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Shoulder Headdress (Zigiren-wunde)

This headdress comes from the northern Baga region, where it is known as zigiren wunde or "the new bride." Unlike most African masks, the zigiren wunde doesn't represent a spirit. Rather, it celebrates the role of women in both human and agricultural fertility, and in nurturing the community.

The zigiren wunde is owned and performed by groups of young men solely for entertainment, especially at weddings. The performer wears the mask on top of his head and holds the leglike projections beneath the breasts in his hands in order to steady it. These extensions and the "shoulders" are draped with cloth, leaving the breasts exposed. The costume is completed with the addition of a skirt of palm fiber.

Catalogue Description:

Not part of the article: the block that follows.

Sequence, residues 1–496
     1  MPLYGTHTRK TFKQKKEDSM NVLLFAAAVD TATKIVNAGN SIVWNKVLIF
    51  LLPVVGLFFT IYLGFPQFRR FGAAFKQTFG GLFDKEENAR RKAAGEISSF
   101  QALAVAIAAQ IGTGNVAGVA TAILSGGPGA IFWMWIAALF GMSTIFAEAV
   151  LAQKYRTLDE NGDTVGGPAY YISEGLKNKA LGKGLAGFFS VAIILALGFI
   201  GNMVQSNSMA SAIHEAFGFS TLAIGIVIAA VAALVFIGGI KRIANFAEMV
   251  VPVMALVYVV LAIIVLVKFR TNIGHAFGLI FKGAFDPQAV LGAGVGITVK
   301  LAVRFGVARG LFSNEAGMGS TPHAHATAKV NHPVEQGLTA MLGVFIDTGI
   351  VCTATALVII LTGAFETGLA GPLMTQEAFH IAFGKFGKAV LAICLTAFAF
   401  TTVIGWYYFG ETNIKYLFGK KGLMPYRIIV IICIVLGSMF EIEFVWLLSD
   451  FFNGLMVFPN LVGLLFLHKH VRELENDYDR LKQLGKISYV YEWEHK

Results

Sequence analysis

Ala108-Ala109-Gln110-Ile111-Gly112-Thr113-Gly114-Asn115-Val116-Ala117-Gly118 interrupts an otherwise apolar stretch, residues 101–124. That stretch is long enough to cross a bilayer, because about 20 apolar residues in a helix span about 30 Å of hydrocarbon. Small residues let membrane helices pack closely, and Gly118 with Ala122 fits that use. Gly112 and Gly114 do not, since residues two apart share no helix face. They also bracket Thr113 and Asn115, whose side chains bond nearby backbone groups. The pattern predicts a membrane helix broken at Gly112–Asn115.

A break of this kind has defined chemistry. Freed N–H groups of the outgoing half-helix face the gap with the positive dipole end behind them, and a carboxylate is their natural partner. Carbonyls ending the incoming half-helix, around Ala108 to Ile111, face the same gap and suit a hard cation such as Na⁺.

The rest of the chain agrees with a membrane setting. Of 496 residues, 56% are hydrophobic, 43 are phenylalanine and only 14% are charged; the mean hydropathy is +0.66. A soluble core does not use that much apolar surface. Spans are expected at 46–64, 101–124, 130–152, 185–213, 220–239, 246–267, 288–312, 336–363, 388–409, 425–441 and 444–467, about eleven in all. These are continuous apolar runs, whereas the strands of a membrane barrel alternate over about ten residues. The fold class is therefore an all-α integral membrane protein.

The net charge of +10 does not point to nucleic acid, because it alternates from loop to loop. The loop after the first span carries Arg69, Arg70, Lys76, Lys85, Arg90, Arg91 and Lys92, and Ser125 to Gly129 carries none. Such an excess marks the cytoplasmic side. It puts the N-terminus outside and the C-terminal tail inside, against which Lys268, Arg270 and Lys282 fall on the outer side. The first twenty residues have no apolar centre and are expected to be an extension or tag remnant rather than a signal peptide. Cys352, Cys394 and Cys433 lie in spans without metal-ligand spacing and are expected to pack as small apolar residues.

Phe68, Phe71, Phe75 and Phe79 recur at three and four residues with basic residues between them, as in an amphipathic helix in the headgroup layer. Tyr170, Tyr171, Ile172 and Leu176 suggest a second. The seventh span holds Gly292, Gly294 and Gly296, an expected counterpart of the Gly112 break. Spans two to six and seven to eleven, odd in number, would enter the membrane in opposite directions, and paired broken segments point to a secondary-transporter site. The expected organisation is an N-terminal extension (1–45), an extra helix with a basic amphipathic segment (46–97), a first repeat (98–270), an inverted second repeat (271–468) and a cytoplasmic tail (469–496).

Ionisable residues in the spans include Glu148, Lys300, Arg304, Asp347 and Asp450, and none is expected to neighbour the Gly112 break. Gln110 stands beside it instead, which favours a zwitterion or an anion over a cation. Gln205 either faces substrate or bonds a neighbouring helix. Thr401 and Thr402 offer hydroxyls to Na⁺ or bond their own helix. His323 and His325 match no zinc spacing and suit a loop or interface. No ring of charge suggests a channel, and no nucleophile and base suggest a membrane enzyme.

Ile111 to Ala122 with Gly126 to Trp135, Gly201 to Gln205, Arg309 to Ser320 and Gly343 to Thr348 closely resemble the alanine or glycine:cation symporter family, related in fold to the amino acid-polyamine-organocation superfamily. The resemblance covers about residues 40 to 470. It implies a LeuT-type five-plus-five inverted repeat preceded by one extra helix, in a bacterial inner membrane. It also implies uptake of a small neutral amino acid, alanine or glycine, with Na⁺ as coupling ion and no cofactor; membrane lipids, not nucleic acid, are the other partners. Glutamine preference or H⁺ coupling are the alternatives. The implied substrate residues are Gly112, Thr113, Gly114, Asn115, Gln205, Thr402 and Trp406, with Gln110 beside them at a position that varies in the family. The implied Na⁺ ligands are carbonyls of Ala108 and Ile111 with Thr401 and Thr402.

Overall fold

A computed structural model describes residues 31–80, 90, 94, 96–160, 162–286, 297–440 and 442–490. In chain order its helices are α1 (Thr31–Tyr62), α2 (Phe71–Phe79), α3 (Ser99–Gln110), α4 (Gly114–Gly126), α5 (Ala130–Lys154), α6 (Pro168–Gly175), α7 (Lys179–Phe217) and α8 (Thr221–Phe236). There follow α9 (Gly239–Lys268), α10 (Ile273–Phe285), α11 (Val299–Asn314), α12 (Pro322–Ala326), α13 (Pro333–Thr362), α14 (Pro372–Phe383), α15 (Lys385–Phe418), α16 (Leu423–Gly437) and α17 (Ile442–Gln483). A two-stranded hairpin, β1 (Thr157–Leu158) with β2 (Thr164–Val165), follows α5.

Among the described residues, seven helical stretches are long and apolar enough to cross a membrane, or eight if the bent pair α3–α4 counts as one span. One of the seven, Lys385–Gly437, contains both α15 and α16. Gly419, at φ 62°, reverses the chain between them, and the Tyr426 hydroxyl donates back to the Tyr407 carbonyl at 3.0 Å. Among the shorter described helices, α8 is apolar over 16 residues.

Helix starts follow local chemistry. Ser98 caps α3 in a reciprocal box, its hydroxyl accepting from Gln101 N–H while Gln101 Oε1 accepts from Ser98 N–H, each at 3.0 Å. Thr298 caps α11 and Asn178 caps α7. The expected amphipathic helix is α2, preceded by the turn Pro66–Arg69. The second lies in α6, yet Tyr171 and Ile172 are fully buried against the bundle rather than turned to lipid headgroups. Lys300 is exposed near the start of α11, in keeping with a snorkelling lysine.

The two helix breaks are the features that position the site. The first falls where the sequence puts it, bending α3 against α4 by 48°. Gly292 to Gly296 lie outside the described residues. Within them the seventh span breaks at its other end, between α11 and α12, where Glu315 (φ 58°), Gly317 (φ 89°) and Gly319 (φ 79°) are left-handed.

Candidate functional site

Wooden shoulder mask (Nimba pefete) or (Zigiren wunde) in form of female torso with large pendulous breasts, used by the Simo secret society. The figure does not have arms. The head is small. The neck is ringed at the top and at the bottom; the center of the neck is plain. Figure wears a carved diamond shaped pendant necklace. Beneath the breasts is a square shaped opening. Copper beads are inserted in the eyes. Head has a crescent shaped coiffure with chevron design. CONDITION: Portion of right shoulder support broken off, remaining part is attached to a sturdy armature. Base of left shoulder support is set into modern base. Checks on front lower side (left) and on chest area. Some splitting of wood on left side of breast. Pitting throughout piece.

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